The problem is not so much the site of a person who signs himself as "The Bad Cat".  The problem is that it is a wave. It could become a tsunami. There is a clear phenomenon of loss of trust in science resulting by the mounting evidence of corruption and politicization of those who claim to be the "voice of science" and whose advice the public should follow. The result is a wholesale rejection of everything that's supposed to be supported by "Science." It is not just that climate science becomes a conspiracy by the Greens. It also becomes a commonplace opinion that chemtrails exist, that renewables consume more energy than they produce, that electric cars pollute more than diesel and gasoline cars, that peak oil is an invention of the oil companies, and much more. 

Climate science is an easy victim of this phenomenon because it is a complicated matter that most people do not completely understand (and maybe nobody does). It is relatively easy to comb the data to find examples that don't (or don't seem to) agree with the standard interpretation. From there on, it all becomes politics and all attempts to use reason or data are destined to fail. Politics is not based on data. Just look at the comments to El Gato's post and be horrified: you are staring directly into the abyss. 

Yet, we must cling to science because it is the only thing we have that allows us to understand the world around us. In a sea of corruption, ossification, and ignorance, there do exist islands of sanity and understanding. Below, you can see an example of an attempt to develop a new way of looking at the ecosystem. It means not just turning CO2 into the villain of an adventure movie, but trying to understand how the whole system works and the role of the biosphere in maintaining the climate we need to survive. If we lose good science, we lose everything (UB)


From "The Pround Holobionts" Wednesday, June 15, 2022

Do we focus too much on CO2 alone? An appeal for the conservation of natural ecosystems

 Have we exaggerated with the idea that CO2 -- carbon dioxide -- is the arch villain of the story? Aren't we overemphasizing solutions that imply CO2 removal? How about geoengineering, sometimes touted as "the" solution that will allow us to keep going on burning fossil fuels?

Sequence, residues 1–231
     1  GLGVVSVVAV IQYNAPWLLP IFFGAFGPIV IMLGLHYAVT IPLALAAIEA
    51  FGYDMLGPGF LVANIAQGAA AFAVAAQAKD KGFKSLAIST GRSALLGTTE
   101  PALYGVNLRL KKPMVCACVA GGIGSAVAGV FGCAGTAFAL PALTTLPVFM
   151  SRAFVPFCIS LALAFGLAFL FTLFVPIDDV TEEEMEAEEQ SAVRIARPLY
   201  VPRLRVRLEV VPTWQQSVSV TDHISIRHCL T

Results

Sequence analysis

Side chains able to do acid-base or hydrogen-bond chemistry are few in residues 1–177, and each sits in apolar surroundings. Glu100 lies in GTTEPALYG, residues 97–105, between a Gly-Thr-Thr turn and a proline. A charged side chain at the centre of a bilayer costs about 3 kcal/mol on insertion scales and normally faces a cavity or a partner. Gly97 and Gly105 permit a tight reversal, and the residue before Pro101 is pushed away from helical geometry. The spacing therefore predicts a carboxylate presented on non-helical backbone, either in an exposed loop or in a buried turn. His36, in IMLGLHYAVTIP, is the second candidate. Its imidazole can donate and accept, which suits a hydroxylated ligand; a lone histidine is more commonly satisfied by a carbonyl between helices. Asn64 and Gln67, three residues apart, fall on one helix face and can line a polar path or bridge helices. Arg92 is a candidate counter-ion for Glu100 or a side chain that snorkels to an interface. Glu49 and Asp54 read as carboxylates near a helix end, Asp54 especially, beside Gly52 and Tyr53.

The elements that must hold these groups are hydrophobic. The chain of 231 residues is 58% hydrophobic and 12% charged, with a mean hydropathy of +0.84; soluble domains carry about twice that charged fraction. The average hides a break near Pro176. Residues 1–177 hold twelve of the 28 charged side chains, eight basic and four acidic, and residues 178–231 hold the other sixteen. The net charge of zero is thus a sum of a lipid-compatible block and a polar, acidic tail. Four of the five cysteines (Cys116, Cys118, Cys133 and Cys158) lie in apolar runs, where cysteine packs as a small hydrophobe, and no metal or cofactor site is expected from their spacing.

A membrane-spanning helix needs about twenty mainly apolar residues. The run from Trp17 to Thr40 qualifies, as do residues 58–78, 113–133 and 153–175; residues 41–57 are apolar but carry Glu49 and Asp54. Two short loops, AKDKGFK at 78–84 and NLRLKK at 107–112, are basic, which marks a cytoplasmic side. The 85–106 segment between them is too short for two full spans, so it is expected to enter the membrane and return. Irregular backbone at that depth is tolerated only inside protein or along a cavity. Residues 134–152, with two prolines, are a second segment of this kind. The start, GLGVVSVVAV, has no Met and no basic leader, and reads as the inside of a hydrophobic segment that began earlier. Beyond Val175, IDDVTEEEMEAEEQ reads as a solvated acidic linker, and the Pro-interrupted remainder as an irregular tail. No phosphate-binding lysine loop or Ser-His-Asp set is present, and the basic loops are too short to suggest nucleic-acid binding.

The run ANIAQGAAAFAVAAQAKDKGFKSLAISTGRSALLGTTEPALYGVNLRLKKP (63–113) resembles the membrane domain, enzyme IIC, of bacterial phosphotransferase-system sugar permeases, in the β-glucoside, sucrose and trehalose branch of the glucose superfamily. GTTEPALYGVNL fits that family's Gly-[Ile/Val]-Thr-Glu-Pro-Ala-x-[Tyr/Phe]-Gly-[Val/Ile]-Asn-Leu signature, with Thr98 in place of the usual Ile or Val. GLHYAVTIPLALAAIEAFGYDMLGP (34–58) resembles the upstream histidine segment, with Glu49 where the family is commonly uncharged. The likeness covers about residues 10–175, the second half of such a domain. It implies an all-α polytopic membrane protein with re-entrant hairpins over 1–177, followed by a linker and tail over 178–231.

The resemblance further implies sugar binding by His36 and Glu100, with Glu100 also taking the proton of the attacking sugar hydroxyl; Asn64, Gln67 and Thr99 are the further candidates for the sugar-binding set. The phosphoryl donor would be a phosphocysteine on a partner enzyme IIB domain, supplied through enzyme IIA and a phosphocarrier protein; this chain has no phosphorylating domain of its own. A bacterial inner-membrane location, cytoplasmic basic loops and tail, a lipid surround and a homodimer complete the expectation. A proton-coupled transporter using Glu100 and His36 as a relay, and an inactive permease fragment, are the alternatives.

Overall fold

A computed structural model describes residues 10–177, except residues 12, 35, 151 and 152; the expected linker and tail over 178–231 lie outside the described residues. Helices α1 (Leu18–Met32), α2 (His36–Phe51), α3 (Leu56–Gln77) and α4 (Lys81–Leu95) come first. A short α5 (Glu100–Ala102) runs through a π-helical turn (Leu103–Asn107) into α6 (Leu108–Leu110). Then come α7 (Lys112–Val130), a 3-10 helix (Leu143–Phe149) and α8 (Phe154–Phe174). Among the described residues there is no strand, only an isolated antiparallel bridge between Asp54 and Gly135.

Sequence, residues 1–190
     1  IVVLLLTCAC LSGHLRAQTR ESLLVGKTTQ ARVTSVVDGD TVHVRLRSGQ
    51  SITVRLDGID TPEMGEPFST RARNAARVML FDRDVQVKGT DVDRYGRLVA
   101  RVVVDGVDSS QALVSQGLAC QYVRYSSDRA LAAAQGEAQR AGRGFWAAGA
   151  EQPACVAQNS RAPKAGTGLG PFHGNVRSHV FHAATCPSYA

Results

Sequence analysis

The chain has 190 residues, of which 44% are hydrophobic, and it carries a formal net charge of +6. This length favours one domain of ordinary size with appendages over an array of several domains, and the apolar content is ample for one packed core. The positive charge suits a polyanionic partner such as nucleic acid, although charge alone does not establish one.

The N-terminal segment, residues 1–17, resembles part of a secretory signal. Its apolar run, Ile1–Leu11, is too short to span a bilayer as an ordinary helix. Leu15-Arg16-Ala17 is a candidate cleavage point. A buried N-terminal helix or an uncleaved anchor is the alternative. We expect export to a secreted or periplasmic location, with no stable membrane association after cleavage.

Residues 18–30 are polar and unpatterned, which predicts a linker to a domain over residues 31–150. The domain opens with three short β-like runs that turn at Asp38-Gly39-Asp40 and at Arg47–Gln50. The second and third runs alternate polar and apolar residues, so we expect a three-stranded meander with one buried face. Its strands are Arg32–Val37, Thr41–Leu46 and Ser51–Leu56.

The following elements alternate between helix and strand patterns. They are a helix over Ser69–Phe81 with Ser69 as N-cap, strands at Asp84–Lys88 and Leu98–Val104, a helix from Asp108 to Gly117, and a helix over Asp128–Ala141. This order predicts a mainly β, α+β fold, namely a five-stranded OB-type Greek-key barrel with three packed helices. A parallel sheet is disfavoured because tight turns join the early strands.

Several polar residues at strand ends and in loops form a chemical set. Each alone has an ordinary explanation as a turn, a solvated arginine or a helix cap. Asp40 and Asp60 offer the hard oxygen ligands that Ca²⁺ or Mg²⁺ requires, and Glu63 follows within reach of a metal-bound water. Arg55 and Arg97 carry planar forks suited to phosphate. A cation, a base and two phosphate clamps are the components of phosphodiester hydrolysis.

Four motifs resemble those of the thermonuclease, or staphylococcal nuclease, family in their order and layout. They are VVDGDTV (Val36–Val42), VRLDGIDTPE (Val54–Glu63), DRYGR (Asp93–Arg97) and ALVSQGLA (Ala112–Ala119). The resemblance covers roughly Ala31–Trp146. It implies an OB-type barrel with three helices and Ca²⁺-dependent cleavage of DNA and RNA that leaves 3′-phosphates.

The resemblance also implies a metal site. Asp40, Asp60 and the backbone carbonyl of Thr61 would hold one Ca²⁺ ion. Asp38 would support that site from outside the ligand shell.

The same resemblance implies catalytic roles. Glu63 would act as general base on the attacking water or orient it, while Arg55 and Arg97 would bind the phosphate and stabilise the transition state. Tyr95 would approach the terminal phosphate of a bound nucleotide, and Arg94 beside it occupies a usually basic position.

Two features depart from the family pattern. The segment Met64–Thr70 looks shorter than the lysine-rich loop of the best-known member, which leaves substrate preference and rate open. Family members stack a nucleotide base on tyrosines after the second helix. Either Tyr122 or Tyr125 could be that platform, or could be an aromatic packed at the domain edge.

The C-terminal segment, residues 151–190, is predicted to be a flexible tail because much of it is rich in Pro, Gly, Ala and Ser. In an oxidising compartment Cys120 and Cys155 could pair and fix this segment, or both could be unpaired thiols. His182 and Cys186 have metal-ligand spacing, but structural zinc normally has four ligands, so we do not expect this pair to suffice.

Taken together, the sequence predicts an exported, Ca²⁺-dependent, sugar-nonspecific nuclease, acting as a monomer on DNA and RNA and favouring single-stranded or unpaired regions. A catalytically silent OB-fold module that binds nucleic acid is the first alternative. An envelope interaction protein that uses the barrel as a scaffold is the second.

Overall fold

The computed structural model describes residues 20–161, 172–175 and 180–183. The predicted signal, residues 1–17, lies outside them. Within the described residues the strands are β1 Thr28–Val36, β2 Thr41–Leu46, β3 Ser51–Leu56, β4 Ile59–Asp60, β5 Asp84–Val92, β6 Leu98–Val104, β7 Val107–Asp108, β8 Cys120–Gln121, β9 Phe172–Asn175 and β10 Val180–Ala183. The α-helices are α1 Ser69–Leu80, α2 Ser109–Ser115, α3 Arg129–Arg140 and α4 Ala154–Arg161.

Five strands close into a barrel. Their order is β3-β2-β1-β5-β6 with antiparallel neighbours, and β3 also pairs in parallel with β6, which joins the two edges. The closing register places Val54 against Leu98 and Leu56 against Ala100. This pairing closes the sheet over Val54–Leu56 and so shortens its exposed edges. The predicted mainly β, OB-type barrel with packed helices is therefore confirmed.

There is no doubt that the emissions of carbon dioxide are returning the ecosystem to a condition that was never seen before at least one million years ago. There is no doubt that CO2 is warming the planet and that none of our Sapiens ancestors ever breathed in an atmosphere that contains a concentration of CO2 of 420 parts per million -- as we are doing. 

But by focussing so much on CO2 alone is easy to forget what humans have been doing to the ecosystems that keep the biosphere alive (and with it, humankind). The ecosystem is a giant holobiont that strives for stability: a fundamental element to stabilize Earth's climate. It is a dangerous illusion to think that we, humans, can replace the work of Gaia with our fancy carbon capture machinery, or whatever other tricks we may concoct. 

Here is a reminder by a group of people from Eastern Europe who managed to maintain a certain degree of mental sanity. They remind us of the damage we are doing. Will anyone listen to them? (UB)

Appeal to the international community, governments, scientific, public organizations and business

https://www.es-partnership.org/wp-content/uploads/2021/06/Appeal_Protect-Ecosystems.pdf

RECOGNIZE THE VALUE AND ROLE OF NATURAL ECOSYSTEMS FOR CLIMATE CHANGE!

Terrestrial and marine natural ecosystems are the basis for preservation of biological life on Earth. They have existed almost unchanged for millions of years and all this time have supported climate stability, biochemical flows, global water circulation and many other processes, irreplaceable and essential for preservation of life on our planet. Undisturbed natural ecosystems maintain the Earth's temperature, suitable for human life.